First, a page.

And all the time, the executive directors are torn between wanting to serve and optimise the MDBs they work at and furthering the political objectives of their governments.

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The balancing act can be particularly difficult for representatives of developing countries. On an MDB’s board, they are acting for the lender — but they also represent their home countries, which are the bank’s often very needy borrowers.

“The governance is so messed up,” says one MDB official, alluding to habitual confusion and delay.

Beneath the boards are the MDBs’ staff, who do understand how the organisation works and are fairly united behind its objectives, but are ultimately controlled by the boards.

They have to try and work out what strategy the shareholders want them to pursue when the shareholders themselves may not know, or may be disunited.

In such circumstances, it is natural that the default stances of most of the players, but especially MDB staff, are caution and conservatism, bordering on stasis. Certainly, it is not an ecosystem in which it is easy to introduce new ideas or change long-established practices that are known to work — especially in the sensitive area of risk.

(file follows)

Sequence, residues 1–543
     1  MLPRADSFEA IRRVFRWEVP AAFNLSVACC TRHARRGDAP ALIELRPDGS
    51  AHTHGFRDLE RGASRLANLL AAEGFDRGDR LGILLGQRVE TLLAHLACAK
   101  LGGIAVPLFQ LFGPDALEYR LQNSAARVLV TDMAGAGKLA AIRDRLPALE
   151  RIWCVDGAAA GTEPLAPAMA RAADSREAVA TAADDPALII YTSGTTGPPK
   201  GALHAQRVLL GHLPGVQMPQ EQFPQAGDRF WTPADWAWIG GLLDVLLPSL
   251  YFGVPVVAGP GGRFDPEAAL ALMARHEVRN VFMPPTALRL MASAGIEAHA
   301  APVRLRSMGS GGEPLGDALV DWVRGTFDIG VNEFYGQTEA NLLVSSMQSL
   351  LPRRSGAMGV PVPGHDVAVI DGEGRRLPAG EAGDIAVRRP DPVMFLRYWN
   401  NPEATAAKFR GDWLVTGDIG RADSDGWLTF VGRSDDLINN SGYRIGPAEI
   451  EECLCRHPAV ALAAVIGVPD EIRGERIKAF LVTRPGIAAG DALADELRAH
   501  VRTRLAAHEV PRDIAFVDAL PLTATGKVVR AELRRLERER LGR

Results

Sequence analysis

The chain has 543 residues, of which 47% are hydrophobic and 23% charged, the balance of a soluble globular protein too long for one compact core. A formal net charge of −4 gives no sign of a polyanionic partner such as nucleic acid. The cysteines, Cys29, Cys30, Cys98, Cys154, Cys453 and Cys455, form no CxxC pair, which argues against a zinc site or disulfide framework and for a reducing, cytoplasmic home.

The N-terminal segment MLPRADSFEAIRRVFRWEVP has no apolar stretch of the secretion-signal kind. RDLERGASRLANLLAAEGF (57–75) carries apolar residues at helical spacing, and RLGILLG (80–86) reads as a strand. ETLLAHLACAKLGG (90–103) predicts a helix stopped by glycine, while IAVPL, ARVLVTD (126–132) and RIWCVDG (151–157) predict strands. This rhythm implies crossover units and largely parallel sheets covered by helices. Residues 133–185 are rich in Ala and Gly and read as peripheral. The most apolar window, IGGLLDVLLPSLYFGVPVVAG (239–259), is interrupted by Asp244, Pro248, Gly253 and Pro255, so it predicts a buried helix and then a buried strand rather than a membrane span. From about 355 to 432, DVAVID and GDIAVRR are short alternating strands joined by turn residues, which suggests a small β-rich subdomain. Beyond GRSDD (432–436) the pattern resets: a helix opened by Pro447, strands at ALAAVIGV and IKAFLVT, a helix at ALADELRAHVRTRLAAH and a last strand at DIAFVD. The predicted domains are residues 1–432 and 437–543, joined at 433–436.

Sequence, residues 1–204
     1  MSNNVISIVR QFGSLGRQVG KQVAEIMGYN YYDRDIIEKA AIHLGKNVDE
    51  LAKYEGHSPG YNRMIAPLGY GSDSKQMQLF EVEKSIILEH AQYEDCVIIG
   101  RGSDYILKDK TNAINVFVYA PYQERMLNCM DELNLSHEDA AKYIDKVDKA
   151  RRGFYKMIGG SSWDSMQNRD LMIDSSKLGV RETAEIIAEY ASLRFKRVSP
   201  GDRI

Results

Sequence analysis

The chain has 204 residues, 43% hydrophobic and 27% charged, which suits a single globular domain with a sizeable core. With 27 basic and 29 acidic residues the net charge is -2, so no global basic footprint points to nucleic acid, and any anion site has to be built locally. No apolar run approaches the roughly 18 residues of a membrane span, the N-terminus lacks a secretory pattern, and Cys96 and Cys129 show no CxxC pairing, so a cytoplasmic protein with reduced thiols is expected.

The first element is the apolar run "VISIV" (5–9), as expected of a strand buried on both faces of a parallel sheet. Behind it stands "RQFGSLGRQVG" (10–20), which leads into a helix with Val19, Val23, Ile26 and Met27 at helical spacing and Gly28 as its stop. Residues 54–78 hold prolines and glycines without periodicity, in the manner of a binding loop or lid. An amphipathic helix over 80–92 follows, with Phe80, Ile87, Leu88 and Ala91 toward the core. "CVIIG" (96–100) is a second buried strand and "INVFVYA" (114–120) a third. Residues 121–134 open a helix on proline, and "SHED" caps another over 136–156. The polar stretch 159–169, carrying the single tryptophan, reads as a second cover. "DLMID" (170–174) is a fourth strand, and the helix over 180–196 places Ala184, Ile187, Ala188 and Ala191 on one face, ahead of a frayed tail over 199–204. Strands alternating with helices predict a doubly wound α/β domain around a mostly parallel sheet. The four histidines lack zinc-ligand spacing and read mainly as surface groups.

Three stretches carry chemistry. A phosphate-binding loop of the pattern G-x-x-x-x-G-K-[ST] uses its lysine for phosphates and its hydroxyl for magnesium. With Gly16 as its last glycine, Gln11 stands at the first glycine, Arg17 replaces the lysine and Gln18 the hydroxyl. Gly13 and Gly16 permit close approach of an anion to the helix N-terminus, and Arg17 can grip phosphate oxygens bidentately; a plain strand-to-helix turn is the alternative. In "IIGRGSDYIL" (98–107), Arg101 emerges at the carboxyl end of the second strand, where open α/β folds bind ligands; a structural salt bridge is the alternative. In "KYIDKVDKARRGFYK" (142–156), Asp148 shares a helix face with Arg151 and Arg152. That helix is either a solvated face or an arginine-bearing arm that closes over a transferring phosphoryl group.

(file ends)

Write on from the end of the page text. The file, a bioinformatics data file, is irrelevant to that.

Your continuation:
As an example, Nelson says, one way to expand an MDB’s headroom, would be to change the calibration of its models, for example from requiring management to have 99.99% or 99.97% confidence that its capital was sufficient to meet its business needs, to 99.94% confidence.

“That would give more capacity,” says Nelson, who was a member of the G20 panel. “Management could decide to do this. But this is not the right transparency you want with your shareholders. MDB management are not going to take the risk of a rating downgrade or capital shortfall unless their shareholders say ‘you can take a bit more risk’.”

If the message from shareholders, Nelson says, is “‘You are triple-A, don’t you dare lose it, and don’t touch callable capital’ then that is what management will do. And they’ll add in buffers for concentration and counter-cyclicality. Shareholders and board members need to build a consistent communication and message to the banks, otherwise banks are always working with a variable level of representatives and will always do what they can to protect the institution. If shareholders say ‘take more risk’, there needs to be a clearer dialogue and understanding of what that means and what it would take for a bank to get into great difficulty.”

Bringing people together